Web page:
Alternatives of closing only one of the Moose Run courses and keeping Eagleglen open resulted in similar adverse effects to the JBER MWR fund, while closure of both Moose Run courses would eliminate 36 holes from the overall inventory in the Anchorage area, likely overtaxing Eagleglen to a point where patronage would dip further. Duffy went on to state, "Closing only one of our three courses allows opportunity for the most flexibility to handle larger events while still leaving room for our individual players. Continuing the status quo simply places all risk on programs designed to support our men and women in uniform, their families, and our civilians assigned to JBER."

The JBER team is committed to continuing a productive golf program at Moose Run, as expressed by the majority of patrons who have offered a 96 percent satisfaction rate. Planned improvements at Moose Run include widening tee boxes, filling in unnecessary bunkers, and addressing repairs to the bridge on the Creek Course. This large investment, a must to restore a proper route and pace of play, was determined not financially possible with the usage rate decline over the last decade. Also, Moose Run's sizeable parking area and larger clubhouse space will continue to provide adequate room for regular patrons and larger functions.

The decision for Eagleglen not to open this year is not unique to JBER. Air Force wide, 19 Category C (self-sustaining operations) MWR facilities closed in 2013, including the golf course at Tyndall Air Force Base, Fla. In recent years, courses have closed at Offutt Air Force Base, Neb., and McConnell Air Force Base, Kansas.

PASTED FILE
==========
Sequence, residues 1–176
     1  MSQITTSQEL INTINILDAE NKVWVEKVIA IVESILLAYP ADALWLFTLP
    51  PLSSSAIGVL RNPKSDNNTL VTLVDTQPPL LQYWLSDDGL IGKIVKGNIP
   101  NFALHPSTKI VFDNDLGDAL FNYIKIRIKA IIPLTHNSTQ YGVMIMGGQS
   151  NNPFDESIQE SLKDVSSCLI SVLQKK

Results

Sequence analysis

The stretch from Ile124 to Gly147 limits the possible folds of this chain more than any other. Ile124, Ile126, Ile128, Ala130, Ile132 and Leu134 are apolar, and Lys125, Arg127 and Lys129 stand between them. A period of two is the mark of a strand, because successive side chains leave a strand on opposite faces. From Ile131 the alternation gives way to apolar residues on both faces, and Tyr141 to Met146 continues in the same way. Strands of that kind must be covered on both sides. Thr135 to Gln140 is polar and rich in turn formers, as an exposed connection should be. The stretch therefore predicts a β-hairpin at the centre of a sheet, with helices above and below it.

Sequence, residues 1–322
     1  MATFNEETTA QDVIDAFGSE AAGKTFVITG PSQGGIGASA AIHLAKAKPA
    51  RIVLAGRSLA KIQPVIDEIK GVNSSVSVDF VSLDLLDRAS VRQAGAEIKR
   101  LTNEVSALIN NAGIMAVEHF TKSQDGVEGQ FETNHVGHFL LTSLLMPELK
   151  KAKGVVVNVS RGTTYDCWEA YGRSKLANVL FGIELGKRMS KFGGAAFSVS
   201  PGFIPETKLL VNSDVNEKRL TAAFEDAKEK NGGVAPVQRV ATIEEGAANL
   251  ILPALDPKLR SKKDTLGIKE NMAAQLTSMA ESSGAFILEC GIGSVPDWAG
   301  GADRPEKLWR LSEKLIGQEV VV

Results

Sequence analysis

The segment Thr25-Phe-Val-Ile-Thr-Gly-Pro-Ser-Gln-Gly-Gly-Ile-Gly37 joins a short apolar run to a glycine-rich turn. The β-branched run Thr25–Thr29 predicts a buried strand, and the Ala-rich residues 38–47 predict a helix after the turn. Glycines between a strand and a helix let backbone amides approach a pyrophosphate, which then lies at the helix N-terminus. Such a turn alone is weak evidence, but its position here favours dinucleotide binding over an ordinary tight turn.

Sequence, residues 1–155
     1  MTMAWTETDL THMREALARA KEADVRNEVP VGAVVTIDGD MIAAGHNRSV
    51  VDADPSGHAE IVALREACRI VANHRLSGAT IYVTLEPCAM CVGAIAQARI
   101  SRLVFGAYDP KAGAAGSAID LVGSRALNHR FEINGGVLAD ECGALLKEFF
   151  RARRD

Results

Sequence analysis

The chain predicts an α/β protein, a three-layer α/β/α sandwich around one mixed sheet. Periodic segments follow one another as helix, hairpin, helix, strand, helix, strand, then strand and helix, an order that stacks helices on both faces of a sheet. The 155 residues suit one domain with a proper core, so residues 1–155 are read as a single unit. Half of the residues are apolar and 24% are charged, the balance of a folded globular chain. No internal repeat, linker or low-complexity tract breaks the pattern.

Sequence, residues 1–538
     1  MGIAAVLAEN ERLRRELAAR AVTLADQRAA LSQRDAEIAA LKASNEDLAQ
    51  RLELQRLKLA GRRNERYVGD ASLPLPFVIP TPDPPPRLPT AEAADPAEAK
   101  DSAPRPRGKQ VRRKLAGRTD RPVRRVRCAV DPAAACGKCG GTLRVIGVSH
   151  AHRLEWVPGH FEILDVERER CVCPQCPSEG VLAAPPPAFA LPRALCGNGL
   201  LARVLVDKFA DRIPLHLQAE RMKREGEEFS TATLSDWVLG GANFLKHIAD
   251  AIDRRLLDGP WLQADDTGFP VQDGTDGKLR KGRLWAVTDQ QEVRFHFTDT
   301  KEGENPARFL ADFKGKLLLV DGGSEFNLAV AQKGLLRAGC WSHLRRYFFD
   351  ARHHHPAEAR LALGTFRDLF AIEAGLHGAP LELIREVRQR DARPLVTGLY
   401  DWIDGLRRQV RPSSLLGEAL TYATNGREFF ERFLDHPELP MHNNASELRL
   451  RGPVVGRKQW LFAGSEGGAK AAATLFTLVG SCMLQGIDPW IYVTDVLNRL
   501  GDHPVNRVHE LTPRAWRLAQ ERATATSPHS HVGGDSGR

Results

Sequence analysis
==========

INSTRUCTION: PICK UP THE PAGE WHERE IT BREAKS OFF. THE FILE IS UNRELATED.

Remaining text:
JBER officials stated Eagleglen will remain open during the winter season for cross country skiing as part of the installation's "Fit to Fight" program. The base will continue to review options for re-purposing the golf course for other uses during the summer to positively impact the morale and fitness of JBER personnel.

Joint Base Elmendorf-Richardson leaders will be available to discuss this decision at 10:30 a.m., April 29, at the Eagleglen Golf Course club house. Media interested in interviewing JBER leadership on this topic should confirm attendance by e-mailing, or by calling the JBER Media Operations office at (907) 552-8986/8941. Media should arrive at the Eagleglen Course no later than 10:15 a.m., for the 10:30 a.m. press conference.

926th AMDS trains Philippine military on combat medical care

926th Group public affairs

4/24/2014 - CAVITE, REPUBLIC OF PHILIPPINES -- Members from the 926th Aerospace Medicine Squadron helped teach the Armed Forces of the Philippines life-saving measures here March 19 through April 2.

The six-person team joined forces with the Medical Detachment of the Guam Army National Guard and the 624th Aeromedical Staging Squadron from Joint Base Pearl Harbor-Hickam, Hawaii, to instruct the Medical First Responder Course as part of a subject matter expert exchange under the State Partnership Program of the National Guard.

The MFRC was only the third combat casualty care course instructed for the AFP, and the first to include AFP instructor students as part of the cadre. The 53 students received training on convoy operations, tactical combat casualty care and medical evacuation, among many other skills. The purpose behind the courses is to develop an internally-sustainable combat casualty care operational capability and training program within the AFP.